A cousin recently sent me a sweet message.
While walking in her neighborhood in Alexandria, Va., she had heard a distinctive call and paused to see if she could spot the songster. It was a cardinal, and that sparked a memory.
It was about a visit to my family's West Side home as a teenager. She was sitting on our front porch when she saw a female cardinal break into song in a nearby tree.
"I asked Uncle Harold about it when he got home, but he said that the female didn't sing," she wrote. "I begged to differ since I had seen it with my very own eyes."
He called a friend the next day and confirmed that though it didn't happen often, the female cardinal would sing and she had the same call as the male.
"You have seen a very rare thing," he told her.
All of the kids in my dad's sphere learned to recognize such things. He loved nature and was always teaching. When we visited a state park, our perennial vacation, at dusk we would pile into the car and slowly drive the park roads, "looking for tiny animals."
He knew the waning light would draw deer, raccoon and other creatures out of the woods and into the meadows to feed. If we were lucky, the car lights would catch their eye shine, and we would be treated to a special sight.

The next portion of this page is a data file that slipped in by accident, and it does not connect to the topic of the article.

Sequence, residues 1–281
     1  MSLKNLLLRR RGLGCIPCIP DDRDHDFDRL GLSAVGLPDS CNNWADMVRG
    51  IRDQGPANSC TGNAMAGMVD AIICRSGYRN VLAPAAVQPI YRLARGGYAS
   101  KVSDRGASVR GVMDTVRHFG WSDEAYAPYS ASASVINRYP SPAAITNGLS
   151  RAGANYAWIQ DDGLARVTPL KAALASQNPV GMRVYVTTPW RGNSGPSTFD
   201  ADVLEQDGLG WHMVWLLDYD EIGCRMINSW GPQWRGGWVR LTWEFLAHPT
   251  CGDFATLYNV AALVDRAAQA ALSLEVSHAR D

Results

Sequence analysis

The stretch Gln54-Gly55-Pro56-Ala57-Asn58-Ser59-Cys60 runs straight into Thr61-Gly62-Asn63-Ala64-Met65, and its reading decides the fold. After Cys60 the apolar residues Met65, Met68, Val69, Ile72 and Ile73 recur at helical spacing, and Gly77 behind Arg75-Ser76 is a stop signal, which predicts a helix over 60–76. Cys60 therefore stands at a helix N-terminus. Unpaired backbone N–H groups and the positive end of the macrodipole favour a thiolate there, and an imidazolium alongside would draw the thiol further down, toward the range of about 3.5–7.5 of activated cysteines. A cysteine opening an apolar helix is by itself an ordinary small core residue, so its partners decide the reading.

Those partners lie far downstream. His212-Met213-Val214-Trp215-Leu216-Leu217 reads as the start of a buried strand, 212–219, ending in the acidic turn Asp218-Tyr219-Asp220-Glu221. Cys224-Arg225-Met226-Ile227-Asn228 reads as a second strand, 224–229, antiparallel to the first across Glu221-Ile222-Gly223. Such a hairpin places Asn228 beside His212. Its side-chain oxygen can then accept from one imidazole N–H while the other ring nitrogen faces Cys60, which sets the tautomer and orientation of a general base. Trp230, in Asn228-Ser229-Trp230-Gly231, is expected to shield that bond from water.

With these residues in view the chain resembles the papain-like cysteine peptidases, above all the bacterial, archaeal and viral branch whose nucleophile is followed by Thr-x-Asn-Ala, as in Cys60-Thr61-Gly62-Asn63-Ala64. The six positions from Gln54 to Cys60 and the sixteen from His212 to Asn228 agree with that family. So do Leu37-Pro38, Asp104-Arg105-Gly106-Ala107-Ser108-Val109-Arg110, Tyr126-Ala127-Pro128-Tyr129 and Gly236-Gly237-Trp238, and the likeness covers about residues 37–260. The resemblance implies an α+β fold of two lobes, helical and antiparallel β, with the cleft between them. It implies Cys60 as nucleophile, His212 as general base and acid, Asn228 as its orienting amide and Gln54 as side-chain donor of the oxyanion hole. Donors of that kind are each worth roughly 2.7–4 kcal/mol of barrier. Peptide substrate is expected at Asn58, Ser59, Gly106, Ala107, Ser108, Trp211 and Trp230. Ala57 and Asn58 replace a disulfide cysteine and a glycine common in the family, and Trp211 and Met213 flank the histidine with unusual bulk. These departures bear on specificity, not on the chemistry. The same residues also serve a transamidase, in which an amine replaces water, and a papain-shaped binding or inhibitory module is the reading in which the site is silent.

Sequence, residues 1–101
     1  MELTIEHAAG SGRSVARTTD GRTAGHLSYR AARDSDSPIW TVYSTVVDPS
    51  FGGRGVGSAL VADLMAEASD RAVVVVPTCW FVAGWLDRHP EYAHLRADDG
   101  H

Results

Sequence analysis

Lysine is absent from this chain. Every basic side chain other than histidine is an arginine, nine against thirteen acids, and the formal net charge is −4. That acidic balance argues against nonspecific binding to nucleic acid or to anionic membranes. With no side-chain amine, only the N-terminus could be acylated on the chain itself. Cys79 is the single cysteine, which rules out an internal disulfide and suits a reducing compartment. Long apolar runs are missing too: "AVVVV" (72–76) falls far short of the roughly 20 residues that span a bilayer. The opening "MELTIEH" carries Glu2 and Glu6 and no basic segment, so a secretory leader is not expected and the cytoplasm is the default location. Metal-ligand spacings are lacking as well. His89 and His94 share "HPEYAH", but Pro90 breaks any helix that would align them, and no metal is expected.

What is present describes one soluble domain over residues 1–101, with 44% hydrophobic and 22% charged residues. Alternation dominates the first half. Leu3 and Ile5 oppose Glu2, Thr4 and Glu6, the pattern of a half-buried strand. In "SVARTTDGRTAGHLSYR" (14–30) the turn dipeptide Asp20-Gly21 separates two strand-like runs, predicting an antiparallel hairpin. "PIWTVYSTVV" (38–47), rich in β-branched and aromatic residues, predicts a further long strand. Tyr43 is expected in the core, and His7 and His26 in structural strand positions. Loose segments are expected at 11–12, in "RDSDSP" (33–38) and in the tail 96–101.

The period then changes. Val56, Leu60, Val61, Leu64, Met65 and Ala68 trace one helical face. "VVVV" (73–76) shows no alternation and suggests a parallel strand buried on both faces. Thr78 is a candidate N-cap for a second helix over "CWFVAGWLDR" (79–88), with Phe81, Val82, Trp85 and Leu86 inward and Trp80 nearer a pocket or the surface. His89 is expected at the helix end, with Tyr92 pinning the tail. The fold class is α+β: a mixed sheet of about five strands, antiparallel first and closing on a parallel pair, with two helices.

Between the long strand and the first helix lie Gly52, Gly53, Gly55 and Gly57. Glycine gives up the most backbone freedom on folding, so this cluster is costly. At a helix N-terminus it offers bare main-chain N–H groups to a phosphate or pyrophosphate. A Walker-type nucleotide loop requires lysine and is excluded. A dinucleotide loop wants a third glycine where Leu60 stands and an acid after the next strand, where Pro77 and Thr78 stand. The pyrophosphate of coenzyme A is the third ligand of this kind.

Deer are more prolific these days, but I still catch my breath at the sight of one. My dad instilled a permanent sense of wonder.
At home, he sometimes would play an album of bird songs. I have amused my own children by recreating some of those calls, and when I hear one in the woods, I often recognize the species.
I also can gaze at the sky and pick out the constellations he taught us — Orion, the dippers, the Pleiades.
Father's Day will roll around next weekend, and I wonder what advice he might give me as I head into a new phase of life.
It is because of him, after all, that I have worked for a newspaper.
He spent his career at the Charleston Gazette. Harold Gadd was the longtime editor of the former State Magazine, a special section in the Sunday paper. He assigned stories and photos, edited and occasionally wrote pieces himself.
He frequently carried a red pen in his shirt pocket. Once when he and my mom visited me at college, I proudly showed him a paper I had written for a philosophy class. The grade was A-plus.
He had just begun to read when he pulled out that red pen and aimed for my prized paper. "No!" I cried defensively.